qjial?ry mixed With certain gums tG
give it consistency and requires no
troublesome boiling, hence its pophlf v*
Jty. : '
To make thc c.'iiiOy from thc silgar,
several eggs arc broken and the Whites \
are separated from the yolks. *The
yolks may ' set aside for use in tome |
ho?sehol. "ration, ns only the whites ;
are needed or the cfihdy.
Fora pound box of candy the w'illtes
of two eggs are about suilicient. The
whites are put in a cup and mixed j
with p.h eqilal (quantity of wafer'and ;
about half a teaspoonful uf extract of j
vanilla or whatever other -'flavoring
extract is to.- b& used. Thc liquid ls
then gradually mixed with the sugar
until a paste of-nbriilt thc consistency
of dough has been made. The ctfi?po*
jgjjir? fii??trty there
umsmfy tte aricia
multitude of fl)? heaven
ly, boft -praising Ga? %} j'
toward me?. .
I bom itt 9etb!<rb4*?tt of
? ja?ecxi m thc ?ny* of
' ficrotVihe hitig, b?x??
tlj*re mm tuife m*n
from tb? e<xft to
sition is thoroughly worked together
with a strong wooden or metal spoon
of large size.
A clean white cloth is spread on the
table. The hands being thoroughly
washed, a little butter-the unsalted
kind is best-is spread upon the An
gers, and the pieces of candy are
worked into shape and placed in a pan
on a piece of oiled paper. The pan is
then put away until the candy hardens.
These candies may be colored brown
by mixing melted chocolate with the
candy when the eggs and flavor arc
put in. The juice of spinach will im
part a green that is a perfectly harm
The kernels of English walnuts
placed on the top of tlie bits of candy,
half a kernel to each piece, make deli
A sort of nougat can be made by
slicing shelled English walnuts,
blanched almonds and clean white pea
nuts. The slices of nuts should be
mixed with the sugar and eggs while
still quite liquid, care being taken not
to break the nuts more than neces
sary. The substance is then formed
into bars and set aside to dry aud
Chocolate creams may be made hy
taking the white sugar and whites of
eggs and molding tile pieces of candi'
into little conos. These are set aside
for several hours, or a day. to harden.
Some melted sweet chocolate is pre
pared in a howl and each of tho cones
is taken up on thc point of a clean, new
halpin which has boon scoured with
sand soap before using and one hy one
they are dipped into the chocolate un
til they are thoroughly coated. They
are Hun ranged on sheets of oiled
paper on buttered pans and left to
Cocoanut candies may be made by
mixing shredded cocoanut with the
sugar as tlie candy is being made.
In order that a rainbow may bo pro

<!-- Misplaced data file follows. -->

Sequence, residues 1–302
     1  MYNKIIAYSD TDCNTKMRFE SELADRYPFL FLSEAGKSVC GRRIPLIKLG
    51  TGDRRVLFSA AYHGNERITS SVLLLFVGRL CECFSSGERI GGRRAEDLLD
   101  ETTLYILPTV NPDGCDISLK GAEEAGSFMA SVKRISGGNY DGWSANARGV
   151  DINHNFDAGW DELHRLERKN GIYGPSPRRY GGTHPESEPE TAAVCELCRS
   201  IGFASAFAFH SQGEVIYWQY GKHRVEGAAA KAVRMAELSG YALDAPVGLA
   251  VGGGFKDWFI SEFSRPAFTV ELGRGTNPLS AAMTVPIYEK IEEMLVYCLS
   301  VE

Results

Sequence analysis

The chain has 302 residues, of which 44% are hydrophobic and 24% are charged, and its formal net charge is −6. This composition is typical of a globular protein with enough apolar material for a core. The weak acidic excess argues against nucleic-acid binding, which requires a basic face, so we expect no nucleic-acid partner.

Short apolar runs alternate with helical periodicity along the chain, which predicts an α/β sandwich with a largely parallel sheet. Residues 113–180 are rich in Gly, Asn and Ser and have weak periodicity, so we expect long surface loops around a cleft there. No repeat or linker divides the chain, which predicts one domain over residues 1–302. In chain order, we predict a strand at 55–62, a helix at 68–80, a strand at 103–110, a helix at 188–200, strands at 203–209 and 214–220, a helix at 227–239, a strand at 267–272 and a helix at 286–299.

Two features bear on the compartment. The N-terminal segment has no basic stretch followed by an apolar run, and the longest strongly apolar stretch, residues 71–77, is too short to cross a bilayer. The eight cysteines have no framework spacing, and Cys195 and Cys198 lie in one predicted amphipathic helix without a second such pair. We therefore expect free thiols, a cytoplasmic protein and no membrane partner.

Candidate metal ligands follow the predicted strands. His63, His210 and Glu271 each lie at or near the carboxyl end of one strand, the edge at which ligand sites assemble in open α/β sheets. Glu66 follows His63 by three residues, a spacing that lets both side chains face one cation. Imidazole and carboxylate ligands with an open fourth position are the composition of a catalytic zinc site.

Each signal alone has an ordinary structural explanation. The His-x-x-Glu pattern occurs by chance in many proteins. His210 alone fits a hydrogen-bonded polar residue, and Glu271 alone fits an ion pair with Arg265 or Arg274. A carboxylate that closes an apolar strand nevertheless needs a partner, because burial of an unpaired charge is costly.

duced, the sun must not be more than
forty-two degrees above thc horizon. .
ARCTIC MOTIVE IS FAME
THE B'.'BBLE REPUTATION OUT
WEIGHS LIFE AND TREASURE,
And from This 1'olnt of View tho Quos,
tlon "Doa* SoHCcliiiiGr for tlio North
Polo Fay?" Answers Itself - A Clever
Analysis of tho Arctic Explorer.
Eighty-four, seventeen, 84.17.
Looked at in any way, wi i tien In
whatsoever fashion, they do not soeni
to mean more ur to bo more thin just
eighty-four, seventeen-a common
combination of four figures which an
untutored child might write over snd
again upon 9 Slate. Juggle them this
way and that, as a conjuror would four
S^ass balls, and still they are Just eight
a'.ld four and one and seven, for aught
we know who have not been instructed
in their singular significance.
But the other day a man carno out of
the north and stood on a bleak and fcr
o.uuing hill at Cape Sabine, and shook
his head, and said, "Eighty-four, seven
teen." What he meant wa? this:
That pluck and intelligence and mon
ey had once more combined in vain;
that Lieut. Peary had made a northing
of only 84 degrees and 17 minutes, and
had missed by 360 miler i~e goal of his
ambition, and that the arctic still kept
its mystery safe within its cruel, white
and seductive bosom.
Whether all this should be set down
as splendid romance or plain, ordinary
folly depends much upon the point of
Like little Peterldn, when he found a
skull in thc cornfield and wanted to
know "what they killed each other for,"
there are many very sensible people
who sanely live and die, make love and
pay their taxes, and do not understand
at all this thing called "arctic explora
Indeed, there is so much of a haze
and bolo around the arctic explorer
that to find out the man and his mo
tives is almost as difficult as to attain
to the pole itself. No glorious knight
of the Table Round ever engaged in
more shadowy, intangible quest, with
less hope of what the world calls re
ward, or earned the plaudits of a more
.thunderous, gaping audience, tl?an
these knights errant of the snows.